The Toronto Star by Kate Rossiter 5 February 2015
How would you feel about buying a condo in a building that had previously been a residential school or internment camp? Would you feel differently knowing that the people harmed at the institution had been consulted in the redevelopment process?
Recent news reports have profiled a proposal to turn the former Huronia Regional Centre into a flourishing art campus, complete with condo developments, performance spaces and artists’ studios. Canadian cultural luminaries, including Don Tapscott and Margaret Atwood, have given an enthusiastic thumbs-up to this proposal, which is seen as transformative for the town of Orillia, increasing its cultural cache and economic capital.
However, while Canada’s artists and cultural giants have been consulted, another group is notably absent from these early planning phases: former Huronia residents. This is a problem.
The Huronia Regional Centre warehoused people with intellectual disabilities from 1867 to 2009, and is now notorious as a site of unthinkable abuse and neglect. Indeed, centre survivors launched a class-action lawsuit against the Ontario government in 2010 that resulted in a $35-million settlement and an apology from Premier Kathleen Wynne. She urged Ontarians to “look out for one another, take care of one another, challenge ourselves to be led by our sense of moral purpose before all else . . . to support people with developmental disabilities so they can live as independently as possible and be more fully included in all aspects of their community.”
If the redevelopment of an arts centre is to be guided by a moral — rather than cultural or economic — purpose, former residents must be included in the process of redeveloping the Huronia grounds.
For the past three years, I’ve spent many hours listening to the stories of people who survived life in Huronia. I understand they will forever bear deep scars from their time in the institution, and care deeply about what happens to this site. Some are clear that they would like to see it torn down. Others return regularly to keep watch over the institution’s cemetery — a location that has come to represent the depths of indignity for the thousands of people who lived and died there. Although their opinions differ, these people feel passionately about what happens to the site of their suffering.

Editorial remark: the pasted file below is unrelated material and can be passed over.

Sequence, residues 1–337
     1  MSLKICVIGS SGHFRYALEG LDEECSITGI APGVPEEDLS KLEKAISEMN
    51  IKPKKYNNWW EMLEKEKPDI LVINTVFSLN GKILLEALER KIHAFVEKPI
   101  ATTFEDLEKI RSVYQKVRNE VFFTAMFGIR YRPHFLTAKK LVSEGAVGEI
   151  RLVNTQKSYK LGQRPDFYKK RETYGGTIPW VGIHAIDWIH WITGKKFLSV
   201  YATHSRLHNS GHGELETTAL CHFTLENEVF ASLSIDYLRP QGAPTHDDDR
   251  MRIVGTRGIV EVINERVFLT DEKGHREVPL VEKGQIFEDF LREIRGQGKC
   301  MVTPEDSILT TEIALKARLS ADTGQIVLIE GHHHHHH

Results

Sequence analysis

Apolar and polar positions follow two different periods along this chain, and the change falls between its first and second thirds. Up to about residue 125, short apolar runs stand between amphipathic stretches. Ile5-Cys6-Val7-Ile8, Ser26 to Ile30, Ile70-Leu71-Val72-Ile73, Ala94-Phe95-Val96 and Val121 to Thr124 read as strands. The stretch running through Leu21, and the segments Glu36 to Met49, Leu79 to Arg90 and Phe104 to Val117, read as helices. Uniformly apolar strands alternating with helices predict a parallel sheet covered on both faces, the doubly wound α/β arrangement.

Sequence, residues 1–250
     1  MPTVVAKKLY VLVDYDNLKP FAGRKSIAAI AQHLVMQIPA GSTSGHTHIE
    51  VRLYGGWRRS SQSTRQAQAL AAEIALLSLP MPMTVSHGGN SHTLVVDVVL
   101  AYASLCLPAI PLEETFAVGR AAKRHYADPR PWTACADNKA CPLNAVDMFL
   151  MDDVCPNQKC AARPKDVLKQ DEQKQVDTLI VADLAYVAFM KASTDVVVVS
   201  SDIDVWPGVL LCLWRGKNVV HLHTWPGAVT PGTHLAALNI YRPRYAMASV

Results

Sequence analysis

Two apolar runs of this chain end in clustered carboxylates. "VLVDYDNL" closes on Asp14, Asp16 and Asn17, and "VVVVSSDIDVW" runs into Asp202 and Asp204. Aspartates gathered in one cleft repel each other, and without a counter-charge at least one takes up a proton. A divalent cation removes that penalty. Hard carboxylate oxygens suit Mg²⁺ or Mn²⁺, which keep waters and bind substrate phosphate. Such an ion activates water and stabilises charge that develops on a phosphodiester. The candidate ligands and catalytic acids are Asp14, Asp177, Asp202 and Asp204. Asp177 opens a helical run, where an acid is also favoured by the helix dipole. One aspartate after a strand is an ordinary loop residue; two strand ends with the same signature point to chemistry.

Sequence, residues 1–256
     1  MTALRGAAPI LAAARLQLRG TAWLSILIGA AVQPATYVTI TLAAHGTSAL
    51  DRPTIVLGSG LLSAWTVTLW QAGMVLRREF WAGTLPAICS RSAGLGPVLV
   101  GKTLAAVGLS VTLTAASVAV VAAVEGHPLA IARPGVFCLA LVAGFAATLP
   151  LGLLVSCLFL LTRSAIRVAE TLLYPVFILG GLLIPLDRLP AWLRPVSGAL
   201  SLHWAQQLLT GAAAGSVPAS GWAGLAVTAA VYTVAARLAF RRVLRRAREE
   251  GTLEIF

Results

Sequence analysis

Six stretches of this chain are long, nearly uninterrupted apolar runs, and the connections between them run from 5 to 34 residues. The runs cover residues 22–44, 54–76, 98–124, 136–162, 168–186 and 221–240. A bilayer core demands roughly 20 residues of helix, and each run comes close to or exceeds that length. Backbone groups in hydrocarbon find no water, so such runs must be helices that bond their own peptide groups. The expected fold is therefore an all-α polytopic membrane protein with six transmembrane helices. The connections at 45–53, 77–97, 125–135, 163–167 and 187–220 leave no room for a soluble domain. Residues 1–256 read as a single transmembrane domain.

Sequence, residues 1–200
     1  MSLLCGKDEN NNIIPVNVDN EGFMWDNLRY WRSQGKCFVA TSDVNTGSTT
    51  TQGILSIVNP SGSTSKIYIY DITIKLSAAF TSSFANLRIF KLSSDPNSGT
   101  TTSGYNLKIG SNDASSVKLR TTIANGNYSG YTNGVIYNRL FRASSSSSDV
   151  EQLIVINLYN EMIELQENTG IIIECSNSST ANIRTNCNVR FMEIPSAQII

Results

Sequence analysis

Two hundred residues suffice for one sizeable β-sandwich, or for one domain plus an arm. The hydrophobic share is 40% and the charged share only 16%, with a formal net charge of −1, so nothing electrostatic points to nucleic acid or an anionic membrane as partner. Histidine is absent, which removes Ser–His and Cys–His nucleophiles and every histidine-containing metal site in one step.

The inclusion of Huronia survivors is vital for a second reason. While we have made great inroads in Ontario around making public spaces accessible for everyone, people with disabilities are all too often left out of forms of cultural production. This is especially true of people with intellectual disabilities, who are rarely given the chance to express themselves through arts and culture. If the Huronia site becomes a flourishing arts centre, it must not only prioritize the importance of honouring the histories of suffering at Huronia, but also include survivors as active participants — storytellers and art makers who have a meaningful say in how their histories are represented.
To be sure, many will balk at the notion of including people with intellectual disabilities in such a momentous and important undertaking. It’s easier to dismiss people with intellectual disabilities as unable to understand such processes and to think of institutionalization as a relic of the past. But the survivors I know are capable, articulate and eager to participate in discussions about Huronia’s future. They are willing to share their treacherous tales with those who care to listen. And their experiences are not from the distant past: the institution closed just six years ago. Survivors are members of our community, walking wounded who carry the shameful and often debilitating scars of their past traumas. They deserve to be heard.
The arts have a long history of involvement with questions of justice, humanity, evil and disgrace. In honour of this, and in the name of inclusion and acceptance, it is imperative to include survivors in deciding what should happen to the Huronia site.
Huronia was a place where people with disabilities were excluded from society. They cannot be excluded any longer.
Kate Rossiter is an associate professor at Wilfrid Laurier University. She is the Principal Investigator of “Recounting Huronia: An Arts-Based Participatory Research Project,” funded by the Social Science and Humanities Research Council of Canada.